Opinion: Landlords should educate tenants in fire safety

woman checking the fire extinguisher expiration date at home

A well-placed fire blanket in a domestic home is advisable, as fire extinguishers need regular servicing - Credit: Getty Images/iStockphoto

The horrific pictures of wildfires destroying homes and livelihoods in Greece, Turkey, California and elsewhere this week remind us of just how destructive and dangerous a conflagration can be – and how devastating for those involved.

Although our own damp squib of a summer means it is unlikely that such a disaster will happen here in Norfolk, we should never forget that fire remains an ever-present danger in the home.

Sadly, domestic blazes do happen, although they are mercifully rare. But this does not mean that fire safety should ever be far from the residential landlord’s mind.

The legal responsibilities on a landlord to ensure that their property is as safe as it can be from fire are rightly onerous.

Male Electrician With Screwdriver Repairing Fire Sensor

Smoke alarms must be installed on each storey of a property - Credit: Getty Images/iStockphoto

Electrical safety inspections must be carried out at least every five years, and gas safety checks annually. Smoke alarms must be installed on each storey, and a carbon monoxide detector in any room with a solid fuel burning appliance.

In addition, landlords must ensure that any furniture and furnishings meet fire safety standards, and they are also legally responsible for making sure that tenants have access to a safe and reliable escape route.

These are the legal basics, but it’s a good idea to go beyond those in trying to ensure the safety of your tenants, and indeed your property.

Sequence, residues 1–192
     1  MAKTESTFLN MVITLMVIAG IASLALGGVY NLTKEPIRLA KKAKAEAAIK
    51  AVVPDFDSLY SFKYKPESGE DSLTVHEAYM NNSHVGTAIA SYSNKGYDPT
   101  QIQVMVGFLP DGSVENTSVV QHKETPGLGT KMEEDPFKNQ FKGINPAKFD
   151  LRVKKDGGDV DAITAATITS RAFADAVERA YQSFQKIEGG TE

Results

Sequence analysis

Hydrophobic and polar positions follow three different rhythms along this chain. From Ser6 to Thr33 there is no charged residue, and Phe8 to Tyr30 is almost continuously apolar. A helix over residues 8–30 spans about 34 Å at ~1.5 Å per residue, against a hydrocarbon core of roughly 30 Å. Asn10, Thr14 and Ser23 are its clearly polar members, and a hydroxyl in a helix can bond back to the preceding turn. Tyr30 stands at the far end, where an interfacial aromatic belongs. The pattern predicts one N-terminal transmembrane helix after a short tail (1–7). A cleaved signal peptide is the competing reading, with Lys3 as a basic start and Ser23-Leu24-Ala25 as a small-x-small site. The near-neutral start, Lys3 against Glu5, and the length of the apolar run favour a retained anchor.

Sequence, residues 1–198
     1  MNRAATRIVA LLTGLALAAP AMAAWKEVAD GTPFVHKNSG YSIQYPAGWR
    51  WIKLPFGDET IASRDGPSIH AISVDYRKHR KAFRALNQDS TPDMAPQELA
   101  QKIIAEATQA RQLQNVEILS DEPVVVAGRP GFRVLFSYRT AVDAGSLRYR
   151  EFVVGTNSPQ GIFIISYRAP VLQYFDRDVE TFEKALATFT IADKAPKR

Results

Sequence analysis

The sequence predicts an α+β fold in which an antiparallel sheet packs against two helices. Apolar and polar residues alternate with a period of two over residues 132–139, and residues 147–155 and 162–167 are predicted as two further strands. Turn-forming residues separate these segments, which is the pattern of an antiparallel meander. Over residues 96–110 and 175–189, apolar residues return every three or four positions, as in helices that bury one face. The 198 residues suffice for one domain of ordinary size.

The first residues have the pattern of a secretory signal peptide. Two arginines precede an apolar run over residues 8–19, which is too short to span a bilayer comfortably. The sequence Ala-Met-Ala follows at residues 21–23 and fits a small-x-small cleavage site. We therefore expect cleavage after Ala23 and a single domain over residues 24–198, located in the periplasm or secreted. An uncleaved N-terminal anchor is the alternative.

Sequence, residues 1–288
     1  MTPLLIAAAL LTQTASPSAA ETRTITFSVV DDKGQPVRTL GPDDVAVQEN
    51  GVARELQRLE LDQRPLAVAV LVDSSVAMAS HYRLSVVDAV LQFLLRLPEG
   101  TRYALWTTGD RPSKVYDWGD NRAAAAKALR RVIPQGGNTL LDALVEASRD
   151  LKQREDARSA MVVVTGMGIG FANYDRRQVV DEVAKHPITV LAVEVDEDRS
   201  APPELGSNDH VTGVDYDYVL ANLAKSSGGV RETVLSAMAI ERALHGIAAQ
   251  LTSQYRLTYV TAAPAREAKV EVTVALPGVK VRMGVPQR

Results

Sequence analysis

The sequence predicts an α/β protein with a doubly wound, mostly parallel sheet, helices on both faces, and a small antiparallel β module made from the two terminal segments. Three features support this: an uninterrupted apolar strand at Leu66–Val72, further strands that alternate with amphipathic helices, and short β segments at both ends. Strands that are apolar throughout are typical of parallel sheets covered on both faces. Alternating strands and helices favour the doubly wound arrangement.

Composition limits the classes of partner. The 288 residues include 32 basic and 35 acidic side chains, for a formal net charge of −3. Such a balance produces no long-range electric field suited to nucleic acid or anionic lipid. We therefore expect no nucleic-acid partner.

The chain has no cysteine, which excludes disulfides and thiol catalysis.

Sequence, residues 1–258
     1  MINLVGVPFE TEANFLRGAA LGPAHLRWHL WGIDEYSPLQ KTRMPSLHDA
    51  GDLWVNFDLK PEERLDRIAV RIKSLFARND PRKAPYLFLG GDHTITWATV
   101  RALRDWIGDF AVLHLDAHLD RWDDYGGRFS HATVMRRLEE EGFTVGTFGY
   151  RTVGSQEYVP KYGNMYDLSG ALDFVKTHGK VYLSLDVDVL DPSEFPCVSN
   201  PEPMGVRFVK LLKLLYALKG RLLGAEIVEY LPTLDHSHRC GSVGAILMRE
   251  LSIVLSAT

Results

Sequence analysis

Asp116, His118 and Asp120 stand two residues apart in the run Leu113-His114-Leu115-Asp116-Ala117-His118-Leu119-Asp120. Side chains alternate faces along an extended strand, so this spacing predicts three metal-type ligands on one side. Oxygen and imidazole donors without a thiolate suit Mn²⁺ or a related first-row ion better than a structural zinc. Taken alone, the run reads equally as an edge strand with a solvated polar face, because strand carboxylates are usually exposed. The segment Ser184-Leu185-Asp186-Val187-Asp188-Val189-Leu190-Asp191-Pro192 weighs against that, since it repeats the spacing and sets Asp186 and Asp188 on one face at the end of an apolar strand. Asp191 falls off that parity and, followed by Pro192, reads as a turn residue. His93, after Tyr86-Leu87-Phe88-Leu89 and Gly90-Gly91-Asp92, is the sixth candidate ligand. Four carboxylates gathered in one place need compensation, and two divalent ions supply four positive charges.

So whilst fire extinguishers and fire blankets are only obligatory in large houses in multiple occupation (HMOs), a well-placed fire blanket in the kitchen (the most common source of domestic fires) could prevent a cooking accident becoming a larger inferno. Fire blankets have the advantage of not needing regular servicing like extinguishers.

Tenants’ own electrical appliances – for which landlords do not have responsibility – are a common cause of fires, so you may want to consider offering your tenant portable appliance testing when they start their tenancy. This does of course involve a small cost and won’t stop tenants introducing new appliances into the home after that, but it could be a small price to pay for peace of mind.

We often see overloaded sockets in rented properties, with multiple appliances plugged into extension leads. You can discourage this by making sure there are sufficient sockets in the first place (especially in older properties which may have been wired up before game consoles, surround sound systems and mobile phone chargers were even dreamt of).

On fire adapter at plug Receptacle on white background, Electric short circuit failure resulting in

Overloaded sockets could be a potential hazard, which is why it is a good idea to make sure a good number are installed in the first place - Credit: Getty Images/iStockphoto

Overloaded sockets are the kind of thing which can be picked up on monitoring visits, and these are a vital part of ensuring that your tenant and your property remain safe.

Of course, adequate landlord insurance is vital. It won’t stop damage from accidental fires, but it will cover the cost of repairs or rebuilds, as well as lost rental income should the property be uninhabitable as a result of a fire.

The best advice I can give is to talk to your tenants and educate them in fire safety. A landlord who is diligent in protecting the safety of their tenants will be regarded by tenants as a positive; it will also have the advantage of minimising the risk to your investment.

Phil Cooper is lettings partner at Arnolds Keys. For more details, visit www.arnoldskeys.com

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